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National Suicide Prevention Month

September Is National Suicide Prevention Month – How to Talk With Your Teen About Suicide
suicide is preventable photoIn all classes, we are reaching out to our students to help bring awareness and support to this important topic. In elementary, we are focusing on You Matter and building self-esteem.

In grades 6-12, we are focusing on how to participate in the national #BETHE1TO initiative. Please know, we are here to support all students in building confidence and awareness.

  1. Talking about or making plans for suicide
  2. Expressing hopelessness about the future
  3. Displaying severe/overwhelming emotional pain or distress
  4. Showing worrisome behavioral cues or marked changes in behavior, particularly in the presence of the warning signs above. Specifically, this includes significant:
    • Withdrawal from or changing in social connections/situations
    • Changes in sleep (increased or decreased)
    • Anger or hostility that seems out of character or out of context
    • Recent increased agitation or irritability

How to Respond

If you notice any of these warning signs in anyone, you can help

  • Ask if they are ok or if they are having thoughts of suicide
  • Listen attentively and non-judgmentally
  • Express your concern about what you are observing in their behavior
  • Reflect what they share and let them know they have been heard
  • Tell them they are not alone
  • Let them know there are treatments available that can help

How to Get HELP for Your Child or Friend

In your network:  Contact your insurance provider for Mental Health Services

In your community: Click here for a list of Crisis Intervention contacts by county.

In your school:  Reach out to your Family Coach, your child’s Guidance Counselor or teacher, or call me, the Agora Crisis Coordinator, directly at 724-698-2185

 

IMPORTANT RESOURCES

It’s Time to Talk About It – A Family Guide for Youth Suicide Prevention:  This guide will help family members recognize the warning signs and risk factors of suicide in order to be able to identify the signs in youth, with information on how to find help for that youth.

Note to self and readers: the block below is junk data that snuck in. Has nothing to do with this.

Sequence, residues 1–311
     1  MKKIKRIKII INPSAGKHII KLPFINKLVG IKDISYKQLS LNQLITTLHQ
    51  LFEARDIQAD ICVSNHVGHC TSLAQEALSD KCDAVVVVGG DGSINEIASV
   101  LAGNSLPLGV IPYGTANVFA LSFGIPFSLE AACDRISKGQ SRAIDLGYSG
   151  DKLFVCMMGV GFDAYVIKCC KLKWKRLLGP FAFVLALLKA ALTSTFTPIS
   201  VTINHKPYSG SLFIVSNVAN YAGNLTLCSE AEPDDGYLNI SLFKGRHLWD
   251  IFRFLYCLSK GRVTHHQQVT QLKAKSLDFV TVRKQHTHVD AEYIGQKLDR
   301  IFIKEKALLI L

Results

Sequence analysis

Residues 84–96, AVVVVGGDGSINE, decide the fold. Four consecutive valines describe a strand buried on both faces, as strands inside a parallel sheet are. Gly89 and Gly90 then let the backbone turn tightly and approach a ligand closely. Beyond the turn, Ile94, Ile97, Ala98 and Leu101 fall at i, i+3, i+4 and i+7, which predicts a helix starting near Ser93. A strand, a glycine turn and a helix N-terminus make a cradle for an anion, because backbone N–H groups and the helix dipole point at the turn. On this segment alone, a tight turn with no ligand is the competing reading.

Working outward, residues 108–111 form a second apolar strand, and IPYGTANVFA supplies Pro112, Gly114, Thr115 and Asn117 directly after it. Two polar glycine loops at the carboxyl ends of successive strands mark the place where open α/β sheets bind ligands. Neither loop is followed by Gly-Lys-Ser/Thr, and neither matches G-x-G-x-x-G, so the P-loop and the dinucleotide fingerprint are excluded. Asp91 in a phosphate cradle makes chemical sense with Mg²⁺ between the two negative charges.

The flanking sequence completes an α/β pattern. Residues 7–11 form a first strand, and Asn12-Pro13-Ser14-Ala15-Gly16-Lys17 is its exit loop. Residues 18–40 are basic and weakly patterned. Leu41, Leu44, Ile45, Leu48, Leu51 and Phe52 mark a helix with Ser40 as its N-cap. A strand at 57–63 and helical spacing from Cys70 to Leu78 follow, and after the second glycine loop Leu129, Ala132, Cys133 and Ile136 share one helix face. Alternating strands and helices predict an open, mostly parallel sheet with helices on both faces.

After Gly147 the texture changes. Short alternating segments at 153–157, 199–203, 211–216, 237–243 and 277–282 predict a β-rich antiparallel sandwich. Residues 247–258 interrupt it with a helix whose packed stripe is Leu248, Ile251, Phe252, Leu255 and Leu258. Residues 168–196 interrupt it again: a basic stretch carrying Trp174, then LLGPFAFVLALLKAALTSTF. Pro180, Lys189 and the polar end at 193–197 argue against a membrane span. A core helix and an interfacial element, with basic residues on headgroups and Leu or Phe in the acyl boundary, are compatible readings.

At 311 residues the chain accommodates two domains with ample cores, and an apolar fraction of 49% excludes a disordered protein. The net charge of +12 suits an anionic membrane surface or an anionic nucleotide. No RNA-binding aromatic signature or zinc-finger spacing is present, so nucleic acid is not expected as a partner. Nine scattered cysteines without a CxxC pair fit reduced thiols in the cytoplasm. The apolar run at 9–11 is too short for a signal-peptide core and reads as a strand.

Learn the F.A.C.T.S. about Teen Suicide: If you notice these signs, you can help prevent a suicide. http://www.sptsusa.org/wp-content/uploads/2015/05/FACTS-Green.pdf

Pennsylvania Youth Suicide Prevention Initiative, an outreach of the PA Department of Education, provides valuable resources for parents and students, as well as teachers and healthcare providers.http://payspi.org/resources/Love is Louder was started by The Jed Foundation, MTV and Brittany Snow to support anyone feeling mistreated, misunderstood or alone. http://loveislouder.com/

 

National Suicide Prevention Lifeline 1-800-273-8255: The Lifeline provides 24/7, free and confidential support for people in distress, prevention and crisis resources for you or your loved ones, and best practices for professionals

 

#BETHE1TO

#BeThe1To is the National Suicide Prevention Lifeline’s message for National Suicide Prevention Month and beyond, spreading the word about actions we can all take to prevent suicide. The Lifeline network and its partners are working to change the conversation from suicide to suicide prevention, to actions that can promote healing, help and give hope. Together, we can prevent suicide by learning to help ourselves, help others, seek consultation from trained providers (hotlines and clinicians) and to seek hospital care when necessary. Learn about each step and why the steps are effective here.

Suicide affects everyone and everyone can do something to help if they see or hear warning signs that someone is at risk of suicide. We’re in this together!